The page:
I would not worry about the connection overhead of mysql queries too much, especially if you are not closing the connection between every query. Consider that if your query creates a temporary table, you've already spent more time in the query than the overhead of the query took.
I love doing a complex SQL query, personally, but I have found that the size of the tables, mysql query cache and query performance of queries that need to do range checking (even against an index) all make a difference.
I suggest this:
1) Establish the simple, correct baseline. I suspect this is the zillion-query approach. This is not wrong, and very likely helfully correct. Run it a few times and watch your query cache and application performance. The ability to keep your app maintainable is very important, especially if you work with other code maintainers. Also, if you're querying really large tables, small queries will maintain scalability.
2) Code the complex query. Compare the results for accuracy, and then the time. Then use EXPECT on the query to see what the rows scanned are. I have often found that if I have a JOIN, or a WHERE x != y, or a condition that creates a temporary table, the query performance could get pretty bad, especially if I'm in a table that's always getting updated. However, I've also found that a complex query might not be correct, and also that a complex query can more easily break as an application grows. Complex queries typically scan larger sets of rows, often creating temporary tables and invoke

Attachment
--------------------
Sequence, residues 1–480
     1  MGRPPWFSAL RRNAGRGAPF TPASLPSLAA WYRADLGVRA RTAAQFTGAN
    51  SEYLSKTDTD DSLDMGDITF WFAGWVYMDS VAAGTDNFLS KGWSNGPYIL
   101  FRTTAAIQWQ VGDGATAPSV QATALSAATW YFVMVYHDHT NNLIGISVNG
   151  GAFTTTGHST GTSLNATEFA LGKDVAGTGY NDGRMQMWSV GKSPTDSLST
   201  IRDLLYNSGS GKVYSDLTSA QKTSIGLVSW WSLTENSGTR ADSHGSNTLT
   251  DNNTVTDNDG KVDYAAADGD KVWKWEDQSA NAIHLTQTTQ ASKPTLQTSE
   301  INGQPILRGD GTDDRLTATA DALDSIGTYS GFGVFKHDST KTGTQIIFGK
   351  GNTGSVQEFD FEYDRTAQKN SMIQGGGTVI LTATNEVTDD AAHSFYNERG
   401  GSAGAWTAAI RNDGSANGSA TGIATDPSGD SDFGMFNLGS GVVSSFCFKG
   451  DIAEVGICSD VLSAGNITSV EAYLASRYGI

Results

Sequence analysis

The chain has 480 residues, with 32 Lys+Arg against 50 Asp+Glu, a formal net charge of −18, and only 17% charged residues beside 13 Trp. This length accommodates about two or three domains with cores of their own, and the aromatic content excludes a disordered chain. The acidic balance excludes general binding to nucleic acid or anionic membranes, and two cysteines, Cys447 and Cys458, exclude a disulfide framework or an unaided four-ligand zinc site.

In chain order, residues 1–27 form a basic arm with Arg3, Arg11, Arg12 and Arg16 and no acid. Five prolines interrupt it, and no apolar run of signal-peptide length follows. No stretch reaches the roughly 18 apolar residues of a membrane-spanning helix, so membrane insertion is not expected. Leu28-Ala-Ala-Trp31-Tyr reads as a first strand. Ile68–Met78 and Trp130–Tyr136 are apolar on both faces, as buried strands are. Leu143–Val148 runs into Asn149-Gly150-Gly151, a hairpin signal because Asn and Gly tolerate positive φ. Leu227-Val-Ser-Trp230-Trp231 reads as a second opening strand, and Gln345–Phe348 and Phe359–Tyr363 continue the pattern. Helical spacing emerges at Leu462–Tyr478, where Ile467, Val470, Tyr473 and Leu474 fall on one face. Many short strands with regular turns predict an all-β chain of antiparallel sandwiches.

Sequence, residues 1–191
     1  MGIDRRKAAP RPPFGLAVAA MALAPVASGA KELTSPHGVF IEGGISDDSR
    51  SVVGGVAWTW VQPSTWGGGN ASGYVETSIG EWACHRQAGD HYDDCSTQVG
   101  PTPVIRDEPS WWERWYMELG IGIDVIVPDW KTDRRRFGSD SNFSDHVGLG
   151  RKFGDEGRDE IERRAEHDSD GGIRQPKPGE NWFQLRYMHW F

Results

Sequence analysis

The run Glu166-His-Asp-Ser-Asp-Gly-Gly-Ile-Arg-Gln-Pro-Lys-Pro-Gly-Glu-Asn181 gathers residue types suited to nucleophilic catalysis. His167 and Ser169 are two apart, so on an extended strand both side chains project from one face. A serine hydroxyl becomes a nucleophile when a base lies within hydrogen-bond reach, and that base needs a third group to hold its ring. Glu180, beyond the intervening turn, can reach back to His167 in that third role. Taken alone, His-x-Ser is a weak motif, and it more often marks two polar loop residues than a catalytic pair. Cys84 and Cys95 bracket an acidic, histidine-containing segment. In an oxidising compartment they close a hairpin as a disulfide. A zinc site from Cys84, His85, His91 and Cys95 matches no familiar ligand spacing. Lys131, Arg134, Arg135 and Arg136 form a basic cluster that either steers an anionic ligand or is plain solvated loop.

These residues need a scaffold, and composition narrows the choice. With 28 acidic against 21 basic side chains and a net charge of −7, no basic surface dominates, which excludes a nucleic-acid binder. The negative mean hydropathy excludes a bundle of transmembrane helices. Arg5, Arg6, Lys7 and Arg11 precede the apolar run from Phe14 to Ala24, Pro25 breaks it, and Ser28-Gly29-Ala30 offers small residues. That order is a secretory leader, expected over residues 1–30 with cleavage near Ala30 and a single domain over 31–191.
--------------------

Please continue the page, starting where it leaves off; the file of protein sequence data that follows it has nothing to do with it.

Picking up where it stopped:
using where scans. The larger the table, the more expensive these get. Also, you might have team considerations where complex queries don't suit your team's strengths.
3) Share the results with your team.
Complex queries are less likely to hit the mysql query cache, and if they are large enough, don't cache them. (You want to save the mysql query cache for frequently hit queries.) Also, query where predicates that have to scan the index will not do as well. (x != y, x > y, x < y). Queries like
SELECT foo, bar FROM users WHERE foo != 'g' and mumble < '360' end up doing scans. (The cost of query overhead could be negligible in that case.)
Small queries can often complete without creating temporary tables just by getting all values from the index, so long as the fields you're selecting and predicating on are indexed. So the query performance of
SELECT foo, bar FROM users WHERE id = x is really great (esp if columns
bar are indexed like, aka
alter table users add index ix_a ( foo, bar );.)
Other good ways to increase performance in your application would be to cache those small query results in the application (if appropriate), or doing batch jobs of a materialized view query. Also, consider memcached or some features found in XCache.